As U.S. policymakers consider how to tackle the challenge of greenhouse-gas constraints, the U.K.’s approach to the problem offers instructive examples.
2007 CEO Forum: Greenhouse Gauntlet
Tackling climate change is a monumental challenge. Power-company CEOs discuss long-range plans for a climate-friendly energy economy.
de-carbonize our power supply? This leads to many other questions: How long will it take, what will it cost, and how will it affect rates, reliability and customer satisfaction? What will the investor community think as we move toward a de-carbonized power supply?
The biggest question is, What is the tech roadmap that allows us to do it? We are the third-largest consumer of coal in the United States. Clearly on our small coal units, almost 4,000 MW that we are not significantly retrofitting for SOx, NOx or mercury control, will be retired over time. On the other hand, we spent $3.5 billion on scrubbers at other plants, and those units will be candidates for carbon capture and storage. That technology isn’t with us today, and won’t be commercially available for probably 15 years.
Then we turn to our nuclear fleet. We are the fourth-largest operator of nuclear units, with seven reactors. They have been re-licensed for a further 20 years. We are on the road to building a new plant in Cherokee County. We will file for a construction and operating license and a South Carolina certificate of convenience and necessity in the fourth quarter of 2007. There’s more work to do on standardization of the technology, but these processes will put us on track.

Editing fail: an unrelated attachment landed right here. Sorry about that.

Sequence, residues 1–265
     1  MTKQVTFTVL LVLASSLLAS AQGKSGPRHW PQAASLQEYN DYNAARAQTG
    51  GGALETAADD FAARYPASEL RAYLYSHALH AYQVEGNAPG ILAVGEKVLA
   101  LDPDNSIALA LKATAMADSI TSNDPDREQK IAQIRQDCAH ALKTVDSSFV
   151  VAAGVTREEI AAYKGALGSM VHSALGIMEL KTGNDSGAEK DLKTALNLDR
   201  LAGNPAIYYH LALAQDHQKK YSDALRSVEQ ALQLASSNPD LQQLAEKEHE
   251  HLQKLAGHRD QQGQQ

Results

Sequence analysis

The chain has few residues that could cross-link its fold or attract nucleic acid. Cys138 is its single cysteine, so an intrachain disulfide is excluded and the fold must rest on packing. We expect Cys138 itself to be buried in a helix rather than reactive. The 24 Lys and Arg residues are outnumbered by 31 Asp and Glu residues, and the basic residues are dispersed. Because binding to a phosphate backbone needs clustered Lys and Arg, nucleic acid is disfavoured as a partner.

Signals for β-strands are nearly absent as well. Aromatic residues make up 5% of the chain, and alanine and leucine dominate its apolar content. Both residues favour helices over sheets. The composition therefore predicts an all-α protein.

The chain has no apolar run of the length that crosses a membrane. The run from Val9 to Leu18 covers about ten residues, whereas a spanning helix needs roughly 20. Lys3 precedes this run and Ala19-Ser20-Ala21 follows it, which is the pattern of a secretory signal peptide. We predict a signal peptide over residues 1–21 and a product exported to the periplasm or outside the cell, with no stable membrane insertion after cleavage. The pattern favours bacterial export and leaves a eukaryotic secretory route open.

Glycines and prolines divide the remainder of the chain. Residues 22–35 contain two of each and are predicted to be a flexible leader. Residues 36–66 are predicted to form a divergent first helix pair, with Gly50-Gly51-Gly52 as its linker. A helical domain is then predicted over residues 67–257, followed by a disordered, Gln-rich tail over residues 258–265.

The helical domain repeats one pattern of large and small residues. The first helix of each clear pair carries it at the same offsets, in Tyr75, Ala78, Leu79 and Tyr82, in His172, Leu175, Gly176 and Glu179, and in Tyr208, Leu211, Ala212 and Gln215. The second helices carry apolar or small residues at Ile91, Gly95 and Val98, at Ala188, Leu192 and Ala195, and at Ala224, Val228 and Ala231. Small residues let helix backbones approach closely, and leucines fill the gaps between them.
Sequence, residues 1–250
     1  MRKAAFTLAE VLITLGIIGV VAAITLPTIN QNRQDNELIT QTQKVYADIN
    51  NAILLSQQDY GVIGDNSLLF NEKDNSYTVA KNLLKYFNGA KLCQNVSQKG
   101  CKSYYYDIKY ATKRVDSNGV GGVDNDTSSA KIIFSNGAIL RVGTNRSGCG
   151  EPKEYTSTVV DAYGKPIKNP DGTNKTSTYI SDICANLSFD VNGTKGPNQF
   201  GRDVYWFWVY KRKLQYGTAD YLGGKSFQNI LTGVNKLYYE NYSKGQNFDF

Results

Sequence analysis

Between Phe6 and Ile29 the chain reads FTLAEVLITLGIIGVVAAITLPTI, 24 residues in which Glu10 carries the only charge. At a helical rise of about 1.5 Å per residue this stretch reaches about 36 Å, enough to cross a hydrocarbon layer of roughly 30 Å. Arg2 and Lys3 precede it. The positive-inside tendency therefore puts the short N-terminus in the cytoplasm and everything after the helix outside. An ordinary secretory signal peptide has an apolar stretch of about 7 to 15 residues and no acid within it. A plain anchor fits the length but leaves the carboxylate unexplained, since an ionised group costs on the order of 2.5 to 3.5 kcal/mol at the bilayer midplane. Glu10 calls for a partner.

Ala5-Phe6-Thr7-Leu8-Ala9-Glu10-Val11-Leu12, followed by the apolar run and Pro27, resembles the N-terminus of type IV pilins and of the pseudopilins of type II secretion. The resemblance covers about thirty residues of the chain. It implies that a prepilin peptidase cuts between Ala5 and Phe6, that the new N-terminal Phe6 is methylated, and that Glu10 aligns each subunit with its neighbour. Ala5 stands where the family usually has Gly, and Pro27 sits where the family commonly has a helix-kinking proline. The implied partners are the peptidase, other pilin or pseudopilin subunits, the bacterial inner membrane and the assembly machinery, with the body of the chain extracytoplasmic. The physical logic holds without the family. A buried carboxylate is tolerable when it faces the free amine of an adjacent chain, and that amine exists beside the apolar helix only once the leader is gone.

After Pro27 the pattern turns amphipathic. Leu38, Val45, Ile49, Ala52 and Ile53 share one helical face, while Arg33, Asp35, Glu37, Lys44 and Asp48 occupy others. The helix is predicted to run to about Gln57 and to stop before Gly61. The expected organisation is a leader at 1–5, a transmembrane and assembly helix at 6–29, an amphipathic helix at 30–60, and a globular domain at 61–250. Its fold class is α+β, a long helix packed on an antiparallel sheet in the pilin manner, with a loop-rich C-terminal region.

Longer term, in 2033 the licenses on our existing units will begin to expire, and if we are planning to de-carbonize our fleet, we need to answer the question of whether to re-license these plants for a second time. And that brings up the question of whether we will build more nuclear units beyond Cherokee County. Our judgment is we must do so to meet growing demand, with a load growth through 2030 of 35 to 45 percent.
These are long-term questions, but the thing that is critical to work on today is to start conserving energy, and moving forward with a new regulatory model.
Fortnightly: Assuming federal GHG regulation is coming, what approach do you think would be most effective and workable?
Rogers, Duke: We actively support the regulation of carbon as a policy position, and we are very active in Washington to shape legislation that makes sense. We support a mandatory, economy-wide cap-and-trade regime, where the government sets the cap and the market goes to work to find the cheapest way to comply. Also, because we are dependent on coal, we believe we need the type of allowance methodology we had for the 1990 Clean Air Act amendments, with allowances phased out over time.
We’re also moving in each state to put in regulatory models that incent us to improve energy efficiency.
Rowe, Exelon: The most effective way of dealing with an all-pervasive challenge like carbon is with a carbon tax. That is not popular politically, so the National Commission on Energy Policy (NCEP) proposed a cap-and-trade approach with a safety valve. I am convinced there should be some sort of safety valve because I don’t think the economy can tolerate the shock of imposing a cap on it and letting the